This is an opinion and analysis article, and the views expressed by the author or authors are not necessarily those of Scientific American.


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These Gay Novels Offer a ‘More Interesting Conversation’ About Faith

Recent books by Allen Bratton, Daniel Lefferts and Garrard Conley depict gay Christian characters not usually seen in queer literature.

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On the left, a photograph of Allen Bratton shows the author in a bright yellow buttoned shirt. In the center, a photograph of Daniel Lefferts in a navy collared shirt. On the right, a photograph of Garrard Conley shows him looking over his left shoulder, in a light blue shirt.

By Joshua Barone

Near the end of Daniel Lefferts’s recent novel, “Ways and Means,” the protagonist — a gay and ambitious but disastrously wayward college student — takes an unexpected turn for a queer character: He finds salvation in God.

And in the closing pages, as he reunites with the man he loves, he warns that he’s “still doing the religion stuff.” It’s the kind of moment you would rarely come across in mainstream gay fiction until this year, when suddenly it isn’t so out of place.

After “Ways and Means” came Garrard Conley’s novel “All the World Beside,” a revisionist history of gay Puritans, and, this month, Allen Bratton’s “ Henry Henry,” a tragicomic, modern retelling of Shakespeare’s Henriad whose main character is an uncompromising Catholic.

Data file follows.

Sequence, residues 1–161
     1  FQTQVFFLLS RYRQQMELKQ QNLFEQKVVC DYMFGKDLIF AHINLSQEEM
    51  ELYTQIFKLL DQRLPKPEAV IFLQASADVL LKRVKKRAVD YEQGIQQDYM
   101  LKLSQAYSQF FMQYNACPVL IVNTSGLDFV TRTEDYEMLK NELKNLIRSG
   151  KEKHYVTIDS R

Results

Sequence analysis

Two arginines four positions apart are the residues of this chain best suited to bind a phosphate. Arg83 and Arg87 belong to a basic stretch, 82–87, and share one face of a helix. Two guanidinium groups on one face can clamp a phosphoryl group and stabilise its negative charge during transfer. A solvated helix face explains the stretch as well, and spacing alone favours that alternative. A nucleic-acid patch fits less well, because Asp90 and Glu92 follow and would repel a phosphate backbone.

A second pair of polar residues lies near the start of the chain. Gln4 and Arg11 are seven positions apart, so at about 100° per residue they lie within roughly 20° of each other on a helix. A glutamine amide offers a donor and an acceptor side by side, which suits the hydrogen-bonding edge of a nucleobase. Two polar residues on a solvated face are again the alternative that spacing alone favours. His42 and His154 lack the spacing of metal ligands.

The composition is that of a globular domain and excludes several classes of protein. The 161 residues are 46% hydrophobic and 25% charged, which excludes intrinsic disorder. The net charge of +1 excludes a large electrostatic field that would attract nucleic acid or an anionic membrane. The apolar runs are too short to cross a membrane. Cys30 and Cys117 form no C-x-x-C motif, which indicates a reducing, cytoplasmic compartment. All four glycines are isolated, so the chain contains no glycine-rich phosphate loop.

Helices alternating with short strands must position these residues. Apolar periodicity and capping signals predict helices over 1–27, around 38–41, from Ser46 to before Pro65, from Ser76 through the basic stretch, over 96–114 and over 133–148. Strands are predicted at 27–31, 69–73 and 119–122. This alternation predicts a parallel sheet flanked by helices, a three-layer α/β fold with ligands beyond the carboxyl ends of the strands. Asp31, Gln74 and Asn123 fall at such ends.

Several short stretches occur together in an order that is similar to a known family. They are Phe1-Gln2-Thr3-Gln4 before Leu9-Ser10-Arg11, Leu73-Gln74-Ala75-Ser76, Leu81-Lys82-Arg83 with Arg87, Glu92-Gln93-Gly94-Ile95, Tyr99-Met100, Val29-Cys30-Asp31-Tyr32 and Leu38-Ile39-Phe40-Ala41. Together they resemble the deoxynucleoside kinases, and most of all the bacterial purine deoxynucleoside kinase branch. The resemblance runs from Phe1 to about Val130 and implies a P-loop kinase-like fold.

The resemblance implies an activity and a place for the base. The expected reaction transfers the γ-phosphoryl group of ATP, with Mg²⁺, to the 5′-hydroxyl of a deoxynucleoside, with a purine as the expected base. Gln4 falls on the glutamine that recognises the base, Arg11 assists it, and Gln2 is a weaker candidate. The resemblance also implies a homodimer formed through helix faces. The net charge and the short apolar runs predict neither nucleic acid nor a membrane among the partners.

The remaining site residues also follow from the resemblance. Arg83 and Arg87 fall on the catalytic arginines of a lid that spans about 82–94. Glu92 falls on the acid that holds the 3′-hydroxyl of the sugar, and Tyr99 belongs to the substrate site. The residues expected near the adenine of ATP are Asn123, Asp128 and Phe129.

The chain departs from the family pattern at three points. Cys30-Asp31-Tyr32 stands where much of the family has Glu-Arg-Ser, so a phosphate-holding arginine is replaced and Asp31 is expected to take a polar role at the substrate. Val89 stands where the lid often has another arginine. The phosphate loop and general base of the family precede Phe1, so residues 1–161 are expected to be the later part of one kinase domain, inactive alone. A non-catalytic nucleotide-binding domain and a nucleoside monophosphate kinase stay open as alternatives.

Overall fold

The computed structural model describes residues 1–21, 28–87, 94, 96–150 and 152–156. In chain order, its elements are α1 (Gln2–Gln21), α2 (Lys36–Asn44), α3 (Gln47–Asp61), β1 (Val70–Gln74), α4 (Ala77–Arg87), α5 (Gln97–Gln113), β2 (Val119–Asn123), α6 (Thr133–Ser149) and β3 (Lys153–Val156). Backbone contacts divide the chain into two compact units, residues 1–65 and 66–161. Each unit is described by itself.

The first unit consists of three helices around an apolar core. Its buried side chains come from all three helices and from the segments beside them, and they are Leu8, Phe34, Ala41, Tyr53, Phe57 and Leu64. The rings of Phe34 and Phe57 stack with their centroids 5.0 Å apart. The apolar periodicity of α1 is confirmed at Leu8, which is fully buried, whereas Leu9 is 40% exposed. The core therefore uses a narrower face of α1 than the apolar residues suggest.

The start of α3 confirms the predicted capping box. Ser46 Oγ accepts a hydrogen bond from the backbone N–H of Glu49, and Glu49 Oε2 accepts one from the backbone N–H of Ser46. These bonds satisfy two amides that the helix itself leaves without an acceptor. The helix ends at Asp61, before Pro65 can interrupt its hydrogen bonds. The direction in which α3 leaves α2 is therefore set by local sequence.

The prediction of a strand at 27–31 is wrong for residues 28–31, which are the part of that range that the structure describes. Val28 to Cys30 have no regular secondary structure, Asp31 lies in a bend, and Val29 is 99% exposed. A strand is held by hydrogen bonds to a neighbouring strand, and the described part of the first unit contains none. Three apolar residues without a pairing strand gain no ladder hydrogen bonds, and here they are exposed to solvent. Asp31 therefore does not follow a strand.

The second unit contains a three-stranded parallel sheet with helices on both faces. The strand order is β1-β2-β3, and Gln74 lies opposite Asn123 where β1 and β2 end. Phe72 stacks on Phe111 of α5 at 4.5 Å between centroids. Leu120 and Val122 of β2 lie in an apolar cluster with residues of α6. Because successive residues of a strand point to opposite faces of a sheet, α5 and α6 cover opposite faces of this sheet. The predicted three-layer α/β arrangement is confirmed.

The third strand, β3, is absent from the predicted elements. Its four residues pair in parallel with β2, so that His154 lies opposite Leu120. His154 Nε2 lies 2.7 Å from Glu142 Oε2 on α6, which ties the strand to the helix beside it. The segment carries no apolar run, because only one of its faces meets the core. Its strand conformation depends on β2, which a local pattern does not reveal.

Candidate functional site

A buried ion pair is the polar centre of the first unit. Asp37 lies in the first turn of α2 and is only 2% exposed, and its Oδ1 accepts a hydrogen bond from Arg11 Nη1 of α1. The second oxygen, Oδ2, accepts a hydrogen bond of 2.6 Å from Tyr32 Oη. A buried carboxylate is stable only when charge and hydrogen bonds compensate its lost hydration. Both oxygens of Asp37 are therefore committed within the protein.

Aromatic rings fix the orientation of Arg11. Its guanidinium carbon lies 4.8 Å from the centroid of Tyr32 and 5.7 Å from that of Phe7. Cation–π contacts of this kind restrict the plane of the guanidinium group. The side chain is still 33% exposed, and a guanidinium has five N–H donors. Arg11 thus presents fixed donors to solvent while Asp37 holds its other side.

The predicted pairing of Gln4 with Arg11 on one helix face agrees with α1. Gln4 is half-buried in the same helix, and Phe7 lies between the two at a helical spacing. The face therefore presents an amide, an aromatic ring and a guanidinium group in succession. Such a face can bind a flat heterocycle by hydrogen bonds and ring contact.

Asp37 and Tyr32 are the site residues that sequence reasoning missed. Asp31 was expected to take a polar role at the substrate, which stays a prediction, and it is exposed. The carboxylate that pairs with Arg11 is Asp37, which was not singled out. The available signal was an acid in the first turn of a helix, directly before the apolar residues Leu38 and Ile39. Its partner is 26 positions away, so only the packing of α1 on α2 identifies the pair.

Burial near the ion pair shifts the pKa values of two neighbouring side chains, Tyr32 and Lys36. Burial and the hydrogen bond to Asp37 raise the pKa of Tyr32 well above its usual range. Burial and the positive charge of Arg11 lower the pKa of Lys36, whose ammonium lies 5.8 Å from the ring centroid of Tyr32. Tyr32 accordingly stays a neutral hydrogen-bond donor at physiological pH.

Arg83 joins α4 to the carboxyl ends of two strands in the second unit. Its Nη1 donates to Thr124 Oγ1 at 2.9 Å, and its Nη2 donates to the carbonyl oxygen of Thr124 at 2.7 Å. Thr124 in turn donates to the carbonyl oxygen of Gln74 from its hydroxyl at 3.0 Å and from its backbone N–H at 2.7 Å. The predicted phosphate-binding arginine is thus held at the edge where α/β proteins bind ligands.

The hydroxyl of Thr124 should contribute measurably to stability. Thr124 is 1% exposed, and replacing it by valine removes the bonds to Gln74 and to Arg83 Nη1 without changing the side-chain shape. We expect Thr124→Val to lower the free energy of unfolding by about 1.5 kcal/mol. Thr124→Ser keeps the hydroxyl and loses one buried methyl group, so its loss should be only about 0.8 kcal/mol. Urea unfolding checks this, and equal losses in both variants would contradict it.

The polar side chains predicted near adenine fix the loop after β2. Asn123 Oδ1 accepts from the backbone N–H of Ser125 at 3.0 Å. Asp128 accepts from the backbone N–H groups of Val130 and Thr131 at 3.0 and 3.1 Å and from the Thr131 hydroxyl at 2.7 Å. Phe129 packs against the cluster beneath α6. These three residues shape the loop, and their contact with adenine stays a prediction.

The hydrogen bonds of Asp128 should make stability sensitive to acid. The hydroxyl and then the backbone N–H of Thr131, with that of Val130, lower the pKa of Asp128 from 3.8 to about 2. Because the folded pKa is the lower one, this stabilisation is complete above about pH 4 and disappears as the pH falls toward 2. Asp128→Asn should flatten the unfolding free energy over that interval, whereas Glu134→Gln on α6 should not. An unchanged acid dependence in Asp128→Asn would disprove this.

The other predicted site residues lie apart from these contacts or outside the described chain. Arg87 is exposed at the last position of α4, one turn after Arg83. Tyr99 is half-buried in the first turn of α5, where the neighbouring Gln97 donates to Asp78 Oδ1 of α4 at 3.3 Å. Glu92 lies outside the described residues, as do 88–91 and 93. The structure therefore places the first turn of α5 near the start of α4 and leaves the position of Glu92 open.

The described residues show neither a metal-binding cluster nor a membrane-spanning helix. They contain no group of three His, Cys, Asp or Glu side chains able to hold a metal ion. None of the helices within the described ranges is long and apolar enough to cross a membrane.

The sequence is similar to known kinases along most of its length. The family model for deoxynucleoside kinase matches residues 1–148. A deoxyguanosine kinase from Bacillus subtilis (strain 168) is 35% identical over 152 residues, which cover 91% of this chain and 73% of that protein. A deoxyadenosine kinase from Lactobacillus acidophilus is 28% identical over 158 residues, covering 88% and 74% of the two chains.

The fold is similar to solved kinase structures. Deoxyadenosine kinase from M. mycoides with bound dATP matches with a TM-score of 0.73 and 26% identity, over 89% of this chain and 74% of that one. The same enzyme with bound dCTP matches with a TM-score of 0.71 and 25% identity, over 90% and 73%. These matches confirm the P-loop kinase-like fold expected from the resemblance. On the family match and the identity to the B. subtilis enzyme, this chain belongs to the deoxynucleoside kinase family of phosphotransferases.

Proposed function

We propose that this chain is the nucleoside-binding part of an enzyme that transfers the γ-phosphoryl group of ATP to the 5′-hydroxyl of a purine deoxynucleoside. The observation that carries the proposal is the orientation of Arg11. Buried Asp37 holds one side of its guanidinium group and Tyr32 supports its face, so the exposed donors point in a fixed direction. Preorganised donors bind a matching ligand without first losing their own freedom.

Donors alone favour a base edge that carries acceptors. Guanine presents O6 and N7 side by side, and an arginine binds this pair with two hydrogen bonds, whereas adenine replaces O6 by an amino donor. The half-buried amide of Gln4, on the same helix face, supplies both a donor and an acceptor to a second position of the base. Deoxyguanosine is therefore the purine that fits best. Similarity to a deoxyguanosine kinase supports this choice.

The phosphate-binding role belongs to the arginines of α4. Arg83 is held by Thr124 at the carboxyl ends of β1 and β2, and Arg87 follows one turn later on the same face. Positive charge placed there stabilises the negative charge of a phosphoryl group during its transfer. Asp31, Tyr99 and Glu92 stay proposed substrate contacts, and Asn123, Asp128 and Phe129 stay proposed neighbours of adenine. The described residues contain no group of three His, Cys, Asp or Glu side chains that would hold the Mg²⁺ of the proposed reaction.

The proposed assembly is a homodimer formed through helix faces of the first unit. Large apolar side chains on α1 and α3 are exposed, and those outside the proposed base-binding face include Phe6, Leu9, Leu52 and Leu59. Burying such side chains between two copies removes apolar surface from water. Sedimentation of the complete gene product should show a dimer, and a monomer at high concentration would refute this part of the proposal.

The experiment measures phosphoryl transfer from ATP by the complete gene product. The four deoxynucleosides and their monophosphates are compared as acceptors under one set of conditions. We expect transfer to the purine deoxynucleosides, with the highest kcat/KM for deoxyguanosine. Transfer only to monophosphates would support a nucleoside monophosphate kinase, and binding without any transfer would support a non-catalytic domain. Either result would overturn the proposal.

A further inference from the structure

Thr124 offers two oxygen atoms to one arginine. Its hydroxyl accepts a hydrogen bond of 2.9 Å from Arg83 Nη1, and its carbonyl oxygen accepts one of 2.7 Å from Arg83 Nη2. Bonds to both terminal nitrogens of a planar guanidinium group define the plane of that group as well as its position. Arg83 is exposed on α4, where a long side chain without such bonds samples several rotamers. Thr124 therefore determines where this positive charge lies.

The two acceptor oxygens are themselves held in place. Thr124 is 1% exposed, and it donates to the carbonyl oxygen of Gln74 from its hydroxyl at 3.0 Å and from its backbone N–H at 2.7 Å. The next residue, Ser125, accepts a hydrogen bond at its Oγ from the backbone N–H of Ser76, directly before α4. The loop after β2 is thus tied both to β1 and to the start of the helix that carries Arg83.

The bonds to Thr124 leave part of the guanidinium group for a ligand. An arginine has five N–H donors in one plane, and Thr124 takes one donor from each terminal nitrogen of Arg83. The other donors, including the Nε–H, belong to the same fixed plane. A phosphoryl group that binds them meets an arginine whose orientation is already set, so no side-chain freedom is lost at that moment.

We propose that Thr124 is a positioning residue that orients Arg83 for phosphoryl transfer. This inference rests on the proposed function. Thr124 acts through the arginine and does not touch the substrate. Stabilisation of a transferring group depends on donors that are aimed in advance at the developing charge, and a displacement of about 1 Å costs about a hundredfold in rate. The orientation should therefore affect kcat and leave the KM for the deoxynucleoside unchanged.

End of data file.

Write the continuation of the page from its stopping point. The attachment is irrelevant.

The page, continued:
“This isn’t something that I’ve seen a lot of,” Lefferts said in an interview. “But it’s exciting and just kind of strange that it’s happening now.”

Faith has never been too far from gay literature. There is a rich history of queer theology that seeks to reconcile sexuality and religion, like the theologian John J. McNeil’s “The Church and the Homosexual,” from 1976. The novelist Colm Toibin writes from a distinctly Catholic perspective, and Garth Greenwell’s books have been described as imbuing sex with spiritual transcendence. Robert Glück’s experimental novel “Margery Kempe” (1994) intertwines a historical nun’s pornographic ecstasy and modern gay desire — an adoption of Christianity similar to the lasting image of St. Sebastian, his nearly naked body penetrated by arrows, in gay culture.

Less common, however, is the kind of gay Christianity represented in “Ways and Means,” “All the World Beside” and “Henry Henry,” books that feature characters whose faith is rooted less in spirituality than in the institution of religion. And that, these novels’ authors say, may be truer to life today.

“I know a lot of people who are both queer and religious: queer Catholics, queer Protestants, queer Mormons.” Bratton said. “With queer Catholics, it’s usually a situation where they’ve grown up Catholic and their culture is broadly Catholic — just a way of life, and a fact of life.”

In writing “Henry Henry,” Bratton didn’t want to fall into the trope of irreconcilable sexuality and Catholicism — “the narrative of ‘never the twain shall meet,’ because I think the twain has met a lot.” For decades, though, there has been a popular conception of gayness and religion as oppositional forces, a cliché perpetuated both by rebellious atheists and by severely homophobic institutions like the Westboro Baptist Church.

But both religion and queer culture are too nimble to remain at odds. Although the Catholic Church hasn’t entirely embraced queerness — this month the Vatican issued a document saying that gender confirmation surgery threatened “the unique dignity” of life — it has made relative strides in recent years.